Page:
Early indications are the majority will stick with a sure thing.
Preliminary data show that of the 16 million acres scheduled to come out of the CRP in 2007, around 13 million acres will stay with the program through re-enrollment or contract extensions. The roughly 81% retention rate that USDA officials are expecting next year would be about average during re-enrollment periods, but is unexpected given current prices for wheat and corn.
A USDA study shows that one factor for the high retention rate could be that as much as one-seventh of the 37million CRP acres is not suitable for planting corn. A lack of resources and money that make it possible to efficiently turn idle acres into tillable land could be another factor.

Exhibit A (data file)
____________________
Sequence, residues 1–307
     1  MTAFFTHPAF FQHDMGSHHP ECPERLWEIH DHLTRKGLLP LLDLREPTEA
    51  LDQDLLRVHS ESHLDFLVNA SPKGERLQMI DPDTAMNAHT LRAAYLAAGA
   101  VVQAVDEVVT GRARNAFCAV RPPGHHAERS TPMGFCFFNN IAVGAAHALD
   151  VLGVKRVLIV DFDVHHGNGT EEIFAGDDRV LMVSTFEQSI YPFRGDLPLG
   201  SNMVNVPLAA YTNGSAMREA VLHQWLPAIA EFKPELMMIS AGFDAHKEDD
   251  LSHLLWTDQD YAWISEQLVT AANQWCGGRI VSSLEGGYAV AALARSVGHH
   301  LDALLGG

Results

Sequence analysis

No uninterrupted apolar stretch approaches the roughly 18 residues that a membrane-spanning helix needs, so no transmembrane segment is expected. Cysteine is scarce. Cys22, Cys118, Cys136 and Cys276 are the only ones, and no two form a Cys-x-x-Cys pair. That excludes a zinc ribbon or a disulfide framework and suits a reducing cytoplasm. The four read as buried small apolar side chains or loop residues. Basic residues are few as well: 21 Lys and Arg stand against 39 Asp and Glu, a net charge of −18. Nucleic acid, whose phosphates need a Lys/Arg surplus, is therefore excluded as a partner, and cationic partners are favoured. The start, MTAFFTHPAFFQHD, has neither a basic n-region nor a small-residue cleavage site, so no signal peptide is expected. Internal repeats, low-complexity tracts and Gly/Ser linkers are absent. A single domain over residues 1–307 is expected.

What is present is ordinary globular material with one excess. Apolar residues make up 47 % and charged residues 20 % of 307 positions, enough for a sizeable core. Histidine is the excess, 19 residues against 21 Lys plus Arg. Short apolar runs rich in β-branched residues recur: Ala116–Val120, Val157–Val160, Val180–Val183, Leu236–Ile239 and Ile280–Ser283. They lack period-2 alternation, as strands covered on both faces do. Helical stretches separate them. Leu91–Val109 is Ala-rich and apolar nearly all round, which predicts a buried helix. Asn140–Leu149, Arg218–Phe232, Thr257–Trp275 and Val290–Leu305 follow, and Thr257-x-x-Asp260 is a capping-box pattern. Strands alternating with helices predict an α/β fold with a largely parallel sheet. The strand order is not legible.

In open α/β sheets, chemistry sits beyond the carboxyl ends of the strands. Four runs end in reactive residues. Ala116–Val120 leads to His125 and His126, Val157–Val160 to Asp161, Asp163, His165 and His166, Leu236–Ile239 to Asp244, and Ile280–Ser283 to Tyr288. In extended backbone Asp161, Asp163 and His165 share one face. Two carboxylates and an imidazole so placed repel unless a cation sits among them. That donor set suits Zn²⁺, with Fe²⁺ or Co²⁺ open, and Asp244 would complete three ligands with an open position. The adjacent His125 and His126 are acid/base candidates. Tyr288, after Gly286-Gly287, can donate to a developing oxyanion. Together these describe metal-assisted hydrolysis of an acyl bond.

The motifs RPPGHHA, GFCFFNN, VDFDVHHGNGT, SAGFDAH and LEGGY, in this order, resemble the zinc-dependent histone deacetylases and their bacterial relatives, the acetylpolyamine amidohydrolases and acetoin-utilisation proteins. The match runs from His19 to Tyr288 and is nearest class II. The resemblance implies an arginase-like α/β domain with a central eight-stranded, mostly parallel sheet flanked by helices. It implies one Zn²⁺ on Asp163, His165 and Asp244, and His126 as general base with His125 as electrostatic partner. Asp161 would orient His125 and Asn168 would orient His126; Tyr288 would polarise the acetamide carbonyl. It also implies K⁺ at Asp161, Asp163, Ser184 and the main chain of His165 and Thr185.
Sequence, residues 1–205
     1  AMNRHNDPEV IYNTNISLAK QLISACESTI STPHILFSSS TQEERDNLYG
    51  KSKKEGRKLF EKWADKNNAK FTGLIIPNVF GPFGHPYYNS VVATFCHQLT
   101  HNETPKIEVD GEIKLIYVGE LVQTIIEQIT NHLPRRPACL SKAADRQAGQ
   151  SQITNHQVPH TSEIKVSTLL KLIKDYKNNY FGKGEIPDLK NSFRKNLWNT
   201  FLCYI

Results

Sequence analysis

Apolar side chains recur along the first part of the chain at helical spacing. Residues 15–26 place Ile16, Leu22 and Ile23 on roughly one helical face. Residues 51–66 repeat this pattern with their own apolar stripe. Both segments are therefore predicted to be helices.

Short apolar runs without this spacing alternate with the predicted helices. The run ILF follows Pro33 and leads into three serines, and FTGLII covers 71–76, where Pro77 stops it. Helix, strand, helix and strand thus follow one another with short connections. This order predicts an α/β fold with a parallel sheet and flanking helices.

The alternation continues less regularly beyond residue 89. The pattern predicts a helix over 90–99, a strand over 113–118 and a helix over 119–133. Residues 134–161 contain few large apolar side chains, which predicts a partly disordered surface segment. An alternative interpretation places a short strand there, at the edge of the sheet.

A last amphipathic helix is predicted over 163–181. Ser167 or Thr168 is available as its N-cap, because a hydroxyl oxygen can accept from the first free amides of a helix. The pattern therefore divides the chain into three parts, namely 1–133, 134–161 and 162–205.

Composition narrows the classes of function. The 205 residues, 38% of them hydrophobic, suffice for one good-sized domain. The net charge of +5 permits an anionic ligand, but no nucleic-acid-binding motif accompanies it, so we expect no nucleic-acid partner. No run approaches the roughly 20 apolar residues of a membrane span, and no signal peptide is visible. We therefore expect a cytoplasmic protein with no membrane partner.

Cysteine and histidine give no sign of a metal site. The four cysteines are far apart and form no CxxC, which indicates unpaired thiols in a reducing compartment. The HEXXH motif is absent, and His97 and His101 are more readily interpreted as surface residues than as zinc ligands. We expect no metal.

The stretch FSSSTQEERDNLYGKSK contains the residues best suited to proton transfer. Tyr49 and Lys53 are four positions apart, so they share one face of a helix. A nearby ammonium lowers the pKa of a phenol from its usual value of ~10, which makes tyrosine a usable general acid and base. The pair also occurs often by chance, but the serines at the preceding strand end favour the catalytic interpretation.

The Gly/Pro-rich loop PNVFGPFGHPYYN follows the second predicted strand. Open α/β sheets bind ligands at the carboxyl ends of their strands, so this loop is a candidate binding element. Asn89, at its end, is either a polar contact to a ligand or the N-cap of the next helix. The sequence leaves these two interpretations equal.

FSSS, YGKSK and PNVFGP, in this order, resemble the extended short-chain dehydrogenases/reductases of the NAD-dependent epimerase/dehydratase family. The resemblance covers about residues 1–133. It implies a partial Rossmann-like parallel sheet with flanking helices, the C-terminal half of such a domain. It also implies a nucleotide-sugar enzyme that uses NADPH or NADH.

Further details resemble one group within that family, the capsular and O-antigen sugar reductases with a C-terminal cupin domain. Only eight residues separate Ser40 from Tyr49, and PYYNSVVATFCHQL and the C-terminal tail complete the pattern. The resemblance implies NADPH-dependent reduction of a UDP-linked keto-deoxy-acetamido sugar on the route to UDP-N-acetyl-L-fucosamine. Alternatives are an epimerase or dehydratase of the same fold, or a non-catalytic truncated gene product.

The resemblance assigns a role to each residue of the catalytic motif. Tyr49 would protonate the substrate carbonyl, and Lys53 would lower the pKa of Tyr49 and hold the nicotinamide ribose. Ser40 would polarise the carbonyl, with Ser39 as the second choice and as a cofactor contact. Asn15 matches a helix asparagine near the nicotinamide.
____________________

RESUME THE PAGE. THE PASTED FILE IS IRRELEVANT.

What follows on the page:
The CRP program pays farmers nearly 2 billion dollars a year to keep environmentally sensitive land out of production. According to one USDA official, many farmers with contracts that expire in 2007 have "yet to sign on the dotted line," and still may decide to grow crops.